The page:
A Linguist specialized in comparatvie studies, PhD, Leiden University. In 1991 Martirosyan graduated from the Faculty of Philology of the Vanadzor Pedagogical University (Armenia). In 2008 he received a PhD from Leiden University. A reviewed and enhanced version of his dissertation was later on published in the form of “Etymological Dictionary of the Armenian Inherited Lexicon” (Leiden, Boston: Brill, 2010). Martirosyan’s acade-mic interests cover the history of the Armenian language beginning from its Indo-European sources to the dialects and the modern language. Martirosyan is the author of a number of articles, as well as online publications on the history of the Armenian language, dialects, etymological issues, etc. He has presented papers at international conferences, conducted courses, lectures and workshops in Leiden, Michigan, Oxford, Cambridge, Sorbonne, Pavia, Moscow, Armenia, etc.
ARMENIAN MUSICAL INSTRUMENTS: THREE ETYMOLOGIES
The Armenian lexicon comprises three major layers:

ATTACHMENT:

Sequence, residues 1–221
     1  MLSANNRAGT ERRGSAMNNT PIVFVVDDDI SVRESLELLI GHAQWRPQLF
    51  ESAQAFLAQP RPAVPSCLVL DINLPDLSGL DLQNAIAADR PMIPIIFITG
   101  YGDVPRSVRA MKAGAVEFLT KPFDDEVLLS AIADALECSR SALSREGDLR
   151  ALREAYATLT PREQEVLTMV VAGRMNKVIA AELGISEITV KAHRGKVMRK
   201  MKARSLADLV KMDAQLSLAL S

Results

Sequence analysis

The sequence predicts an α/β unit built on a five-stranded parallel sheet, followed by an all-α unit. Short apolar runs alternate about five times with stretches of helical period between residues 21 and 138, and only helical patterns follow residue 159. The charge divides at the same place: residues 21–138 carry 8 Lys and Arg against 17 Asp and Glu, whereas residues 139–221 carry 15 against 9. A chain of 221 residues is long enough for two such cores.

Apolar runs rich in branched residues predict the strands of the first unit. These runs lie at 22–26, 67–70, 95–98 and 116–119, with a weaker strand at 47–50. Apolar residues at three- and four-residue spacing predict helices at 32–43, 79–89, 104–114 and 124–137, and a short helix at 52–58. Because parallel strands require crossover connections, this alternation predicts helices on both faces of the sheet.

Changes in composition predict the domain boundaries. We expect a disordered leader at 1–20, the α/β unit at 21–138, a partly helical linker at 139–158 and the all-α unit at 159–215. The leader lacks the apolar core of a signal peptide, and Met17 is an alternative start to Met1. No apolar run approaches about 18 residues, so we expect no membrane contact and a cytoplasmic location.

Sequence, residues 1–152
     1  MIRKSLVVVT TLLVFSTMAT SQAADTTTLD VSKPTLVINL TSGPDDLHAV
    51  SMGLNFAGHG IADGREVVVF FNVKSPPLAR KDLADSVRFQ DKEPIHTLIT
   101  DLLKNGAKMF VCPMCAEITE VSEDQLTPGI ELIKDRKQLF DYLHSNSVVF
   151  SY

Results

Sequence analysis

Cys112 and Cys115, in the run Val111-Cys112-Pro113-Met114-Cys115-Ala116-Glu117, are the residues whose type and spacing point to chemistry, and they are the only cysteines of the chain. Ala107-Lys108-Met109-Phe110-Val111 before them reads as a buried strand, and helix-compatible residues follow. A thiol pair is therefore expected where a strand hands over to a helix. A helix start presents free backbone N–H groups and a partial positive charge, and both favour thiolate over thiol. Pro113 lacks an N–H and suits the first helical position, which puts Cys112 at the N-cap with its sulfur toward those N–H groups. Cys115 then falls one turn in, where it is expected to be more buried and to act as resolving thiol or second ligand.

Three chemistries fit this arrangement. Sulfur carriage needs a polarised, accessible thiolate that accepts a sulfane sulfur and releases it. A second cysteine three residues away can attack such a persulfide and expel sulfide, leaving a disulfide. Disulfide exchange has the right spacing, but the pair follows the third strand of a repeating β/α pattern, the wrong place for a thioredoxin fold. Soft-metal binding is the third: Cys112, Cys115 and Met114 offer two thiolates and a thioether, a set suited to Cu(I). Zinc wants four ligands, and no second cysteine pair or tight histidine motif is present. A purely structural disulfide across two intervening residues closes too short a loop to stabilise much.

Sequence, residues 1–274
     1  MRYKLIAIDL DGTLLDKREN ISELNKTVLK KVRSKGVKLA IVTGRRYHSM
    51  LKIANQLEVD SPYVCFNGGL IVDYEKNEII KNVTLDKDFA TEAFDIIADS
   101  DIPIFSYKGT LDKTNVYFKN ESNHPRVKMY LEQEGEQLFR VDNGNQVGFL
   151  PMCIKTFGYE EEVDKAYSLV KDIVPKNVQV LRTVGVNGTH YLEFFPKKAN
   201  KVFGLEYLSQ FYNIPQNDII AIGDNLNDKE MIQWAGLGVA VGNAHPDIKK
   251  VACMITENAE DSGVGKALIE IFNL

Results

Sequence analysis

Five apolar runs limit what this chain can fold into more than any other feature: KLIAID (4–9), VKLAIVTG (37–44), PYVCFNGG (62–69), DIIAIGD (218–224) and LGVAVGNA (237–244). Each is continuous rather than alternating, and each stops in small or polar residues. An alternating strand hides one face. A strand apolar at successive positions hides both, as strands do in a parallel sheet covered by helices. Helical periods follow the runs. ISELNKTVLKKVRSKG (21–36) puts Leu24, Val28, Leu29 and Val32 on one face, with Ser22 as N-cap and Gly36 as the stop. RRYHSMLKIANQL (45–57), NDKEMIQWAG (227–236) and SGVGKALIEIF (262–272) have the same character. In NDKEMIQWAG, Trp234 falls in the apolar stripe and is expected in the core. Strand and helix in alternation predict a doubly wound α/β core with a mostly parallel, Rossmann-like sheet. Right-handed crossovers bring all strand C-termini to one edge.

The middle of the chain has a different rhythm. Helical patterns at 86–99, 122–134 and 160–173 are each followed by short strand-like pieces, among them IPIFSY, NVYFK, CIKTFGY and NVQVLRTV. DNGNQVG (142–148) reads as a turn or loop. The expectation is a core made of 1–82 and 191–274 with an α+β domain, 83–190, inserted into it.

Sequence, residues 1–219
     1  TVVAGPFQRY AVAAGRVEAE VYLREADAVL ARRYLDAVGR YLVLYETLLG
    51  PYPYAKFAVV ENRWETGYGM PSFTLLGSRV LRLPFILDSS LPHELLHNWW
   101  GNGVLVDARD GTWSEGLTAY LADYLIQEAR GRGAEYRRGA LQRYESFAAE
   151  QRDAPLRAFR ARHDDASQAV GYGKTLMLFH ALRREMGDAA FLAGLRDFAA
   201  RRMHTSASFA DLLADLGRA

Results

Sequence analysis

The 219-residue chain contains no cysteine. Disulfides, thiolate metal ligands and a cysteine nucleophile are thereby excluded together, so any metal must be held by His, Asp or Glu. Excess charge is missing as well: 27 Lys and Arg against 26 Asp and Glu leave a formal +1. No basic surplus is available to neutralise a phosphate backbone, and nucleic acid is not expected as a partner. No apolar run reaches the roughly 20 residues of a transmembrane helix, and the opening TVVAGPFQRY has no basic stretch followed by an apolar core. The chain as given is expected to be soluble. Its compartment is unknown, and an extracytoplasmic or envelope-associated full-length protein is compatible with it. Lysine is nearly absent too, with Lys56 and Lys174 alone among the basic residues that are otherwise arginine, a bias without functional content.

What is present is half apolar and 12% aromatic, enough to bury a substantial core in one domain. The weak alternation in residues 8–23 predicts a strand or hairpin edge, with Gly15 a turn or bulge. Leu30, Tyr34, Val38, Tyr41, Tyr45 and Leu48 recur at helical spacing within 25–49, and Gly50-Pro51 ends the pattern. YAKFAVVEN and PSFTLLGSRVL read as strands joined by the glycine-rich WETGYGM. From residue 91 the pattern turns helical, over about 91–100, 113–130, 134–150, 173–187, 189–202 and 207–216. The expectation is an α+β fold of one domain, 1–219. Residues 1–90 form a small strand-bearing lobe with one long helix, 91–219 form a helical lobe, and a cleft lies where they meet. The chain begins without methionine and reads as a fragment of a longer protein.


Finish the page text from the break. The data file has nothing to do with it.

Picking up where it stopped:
1) Native Armenian words, that is: words of Indo-European heritage (5th-4th millennia BC) or words composed on Armenian grounds;
2) late Indo-European and Mediterranean/ European substrate: (3rd-2nd millennia BC);
3) loan-words from neighbouring languages, such as Caucasian, Anatolian, Hurrian, Urartian, Semitic and especially Iranian: (2nd-1st millennia BC to present).
The first two layers belong to prehistoric times, whereas the third belongs to the most recent period and is partially elucidated by historical records. This paper aims to etymologize three Armenian words for musical instruments that belong to various layers of the Armenian lexicon.
Samples to be discussed:
- knt-nt-ocʻ, knt-knt-ocʻ, ktnt-ocʻ ‘plectrum’ (Philo, Gregory of Nyssa, Anania, Vardan Arewelcʻi, etc.), in Modern Armenian: kntntocʻ ‘a violin bow’ (HAB 2: 611a). I propose to reconstruct an old onomatopoeic root *gud-/*gund- ‘to knock, grumble; to play a musical instrument (with a plectrum)’.
- ǰnar, a-stem ‘lyre, cithara’ (Movsēs Xorenacʻi, Severian of Gabala, etc.). I propose to treat Arm. ǰnar, a– stem ‘lyre’ and Hattic zinar- as a Mediterranean-Pontic cultural loan from a theoretical *ghindhara- (> *ghinnara-), which might be interpreted as a prenasalized form of another designation of ‘lyre’, namely Gr. κιθάρα, –ρη, Hom. κίθαρις f. ‘lyre’.
- sruil ‘a musical instrument’ (attested in Ephrem Asori). I propose to interpret this word as composed of the Iranian word for ‘horn’ (cf. Av. sruuā- , acc.du. *sruu̯ai ‘horn, nail’, according to some scholars: sruuī, an athematic dual; ManMPers. srūy [srwy] ‘horn’) and the suffix -il (for which cf., e.g., Arm. tawił ‘harp’).